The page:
“Growing up in an American,” says Angela Seegal, “Italian in a family of eight, concepts like ‘sharing,’ ‘making it go further,’ ‘taking only what you need,’ were always part of my vernacular. My parents both came from humble beginnings, and made the conscience decision to raise my siblings and I to care for one another and the people around us. Faith and our relationship with God were also central to the ways in which we were taught to consider our lives and those around us.”
I don’t think a Sunday went by, when we weren’t woken from our slumber by my father throwing open the shades and screaming at the top of his lungs…. “This is the day the Lord has made, let us rejoice and be glad in it.” He always wanted us to remember that every day was gift from God – one that we should treasure and be spent love and caring for God’ people.
As a young girl, being with others and caring for their needs was something that became a central theme in my life. Whether it was when I was making dinner, cleaning the house, or sharing a hairbrush – care and love of other was vital to a life well spent. It was one special night however; that I can remember that making that commitment to care for all God’s people was so pivotal.
As we typically did, Sunday night was filled with prepping for school, showers and Sunday night TV. We would gather around the TV and watch the rundown for the night. There was one show in particular “Punky Brewster” that was programmed on that night. The show’s premise was about an orphan child who was taken in by an elderly man – and the lessons about life they taught one another. In this particular episode, a social worker threatened to take Punky from Henry, as she thought Henry was an unfit parental figure. I remember being so perplexed by the situation. I couldn’t wrap my mind around the fact that Henry loved and cared for Punky. If people wanted to help, why couldn’t they – with no judgment, and no stipulations. In my own way, and in my young mind, I began to ask the Vincentian question…”What must be done?”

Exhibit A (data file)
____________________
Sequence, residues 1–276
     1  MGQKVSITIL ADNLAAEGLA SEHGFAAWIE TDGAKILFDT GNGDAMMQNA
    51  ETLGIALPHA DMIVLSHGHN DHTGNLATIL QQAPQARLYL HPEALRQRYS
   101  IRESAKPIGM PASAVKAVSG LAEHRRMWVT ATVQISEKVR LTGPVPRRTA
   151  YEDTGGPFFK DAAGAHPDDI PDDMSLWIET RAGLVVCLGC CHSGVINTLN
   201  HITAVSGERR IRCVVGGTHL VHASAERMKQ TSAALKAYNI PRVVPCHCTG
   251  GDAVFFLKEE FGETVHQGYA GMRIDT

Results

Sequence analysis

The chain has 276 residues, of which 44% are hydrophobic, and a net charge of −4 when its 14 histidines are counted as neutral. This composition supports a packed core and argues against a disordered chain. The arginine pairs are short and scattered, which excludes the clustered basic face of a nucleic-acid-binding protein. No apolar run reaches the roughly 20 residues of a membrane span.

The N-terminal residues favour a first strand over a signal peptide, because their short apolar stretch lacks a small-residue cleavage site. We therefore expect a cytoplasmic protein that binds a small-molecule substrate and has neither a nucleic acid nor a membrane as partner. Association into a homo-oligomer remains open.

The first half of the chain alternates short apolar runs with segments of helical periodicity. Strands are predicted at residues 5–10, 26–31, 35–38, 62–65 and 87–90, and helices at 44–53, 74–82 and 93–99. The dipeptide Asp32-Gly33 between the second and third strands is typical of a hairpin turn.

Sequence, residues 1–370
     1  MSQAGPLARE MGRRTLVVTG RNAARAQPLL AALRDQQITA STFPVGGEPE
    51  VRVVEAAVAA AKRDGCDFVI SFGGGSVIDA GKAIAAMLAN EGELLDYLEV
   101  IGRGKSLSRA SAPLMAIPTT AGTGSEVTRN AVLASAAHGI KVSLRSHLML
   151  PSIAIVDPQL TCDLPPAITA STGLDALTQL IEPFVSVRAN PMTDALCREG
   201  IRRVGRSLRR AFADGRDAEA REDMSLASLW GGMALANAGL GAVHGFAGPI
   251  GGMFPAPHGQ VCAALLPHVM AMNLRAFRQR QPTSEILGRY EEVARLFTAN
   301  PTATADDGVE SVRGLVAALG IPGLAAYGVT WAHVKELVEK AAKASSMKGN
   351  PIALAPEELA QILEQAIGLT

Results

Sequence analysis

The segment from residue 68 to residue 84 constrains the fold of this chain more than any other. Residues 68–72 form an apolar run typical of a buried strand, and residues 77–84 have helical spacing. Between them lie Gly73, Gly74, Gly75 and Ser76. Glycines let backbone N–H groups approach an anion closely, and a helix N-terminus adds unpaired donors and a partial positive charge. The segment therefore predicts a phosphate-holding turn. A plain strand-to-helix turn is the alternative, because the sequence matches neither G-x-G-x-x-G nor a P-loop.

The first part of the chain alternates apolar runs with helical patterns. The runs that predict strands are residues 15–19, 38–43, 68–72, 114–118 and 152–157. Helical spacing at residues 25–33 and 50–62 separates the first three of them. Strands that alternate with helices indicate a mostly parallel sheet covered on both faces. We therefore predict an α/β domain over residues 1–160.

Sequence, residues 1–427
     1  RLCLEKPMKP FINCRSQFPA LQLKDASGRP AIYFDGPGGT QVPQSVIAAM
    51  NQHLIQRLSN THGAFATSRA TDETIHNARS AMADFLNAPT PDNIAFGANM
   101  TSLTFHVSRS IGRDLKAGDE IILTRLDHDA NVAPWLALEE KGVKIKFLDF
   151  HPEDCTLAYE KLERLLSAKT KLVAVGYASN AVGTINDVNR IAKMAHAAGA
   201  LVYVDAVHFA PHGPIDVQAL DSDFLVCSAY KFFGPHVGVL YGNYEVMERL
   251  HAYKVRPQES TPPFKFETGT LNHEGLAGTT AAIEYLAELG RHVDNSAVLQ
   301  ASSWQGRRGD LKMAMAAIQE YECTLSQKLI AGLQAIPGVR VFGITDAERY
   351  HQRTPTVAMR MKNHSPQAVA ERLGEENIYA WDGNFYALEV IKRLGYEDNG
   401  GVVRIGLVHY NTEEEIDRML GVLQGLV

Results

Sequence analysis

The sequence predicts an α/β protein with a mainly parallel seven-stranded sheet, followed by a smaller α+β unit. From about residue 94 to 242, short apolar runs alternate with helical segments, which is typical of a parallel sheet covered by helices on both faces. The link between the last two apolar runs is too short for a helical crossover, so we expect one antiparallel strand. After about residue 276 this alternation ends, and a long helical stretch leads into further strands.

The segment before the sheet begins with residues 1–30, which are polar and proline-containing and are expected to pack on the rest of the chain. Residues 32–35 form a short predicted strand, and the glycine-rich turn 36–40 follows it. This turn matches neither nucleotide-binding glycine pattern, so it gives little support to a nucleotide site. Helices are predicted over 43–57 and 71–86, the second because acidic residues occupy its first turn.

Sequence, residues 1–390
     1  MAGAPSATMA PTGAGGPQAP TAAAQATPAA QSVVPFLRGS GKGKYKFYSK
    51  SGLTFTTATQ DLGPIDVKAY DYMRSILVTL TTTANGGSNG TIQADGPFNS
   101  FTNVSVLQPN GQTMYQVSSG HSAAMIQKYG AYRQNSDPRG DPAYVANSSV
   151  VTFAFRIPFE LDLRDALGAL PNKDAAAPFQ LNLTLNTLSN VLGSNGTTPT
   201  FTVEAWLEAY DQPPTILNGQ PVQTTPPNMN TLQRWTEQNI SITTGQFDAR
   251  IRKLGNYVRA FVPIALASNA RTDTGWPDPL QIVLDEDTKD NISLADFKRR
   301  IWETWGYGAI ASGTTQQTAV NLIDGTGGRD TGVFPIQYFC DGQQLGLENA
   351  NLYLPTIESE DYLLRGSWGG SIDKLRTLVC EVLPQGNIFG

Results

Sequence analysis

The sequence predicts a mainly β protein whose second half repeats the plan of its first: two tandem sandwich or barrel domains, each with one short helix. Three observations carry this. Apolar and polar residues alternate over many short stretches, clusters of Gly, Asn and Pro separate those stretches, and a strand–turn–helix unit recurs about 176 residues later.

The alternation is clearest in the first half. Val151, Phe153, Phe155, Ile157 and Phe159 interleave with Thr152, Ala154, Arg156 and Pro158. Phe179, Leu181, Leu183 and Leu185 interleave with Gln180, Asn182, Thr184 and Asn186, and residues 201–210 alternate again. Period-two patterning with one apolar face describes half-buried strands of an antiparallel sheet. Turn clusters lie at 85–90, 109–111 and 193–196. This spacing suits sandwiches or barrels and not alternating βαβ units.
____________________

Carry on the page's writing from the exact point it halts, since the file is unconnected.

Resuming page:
From that moment, caring for others and asking others around me consider the same questions became part of my purpose. As I spent my high school and college days, I was driven by the very fact that those in need needed someone to be their voice and their advocate. They needed someone in their world to remind them – “This was the day the Lord has made…” and that their place in the world was very much needed.
After graduating from college, I chose to do a year of service through the Vincentian Service Corp – East and its here where Vincent began to touch my life. I began to learn about a man who challenged those around him to think about others, to recognize the worth and value in all human life. It is Vincent and Louise’s legacy that formed my own capabilities and skills. It is in this year that I began to realize, I needed to spend my life ALWAYS considering “What must be done….” and in that ask others to consider the same.
Now as a mommy of three, I don’t necessarily annoy my kids with early Sunday morning wake-up calls the way my dad did (although my children might beg to differ), but we do spend our family time reflecting and praying about the many ways God moves in our lives. Recognizing our blessings and responsibilities we have to give back and care for those who need to be cared for – to live a reality that… “If this is the day the Lord has made – what must be done so that all people can rejoice in it?”
Angela Seegel is Director of Vincentian Service for the Department of Campus Ministry at St. John’s University.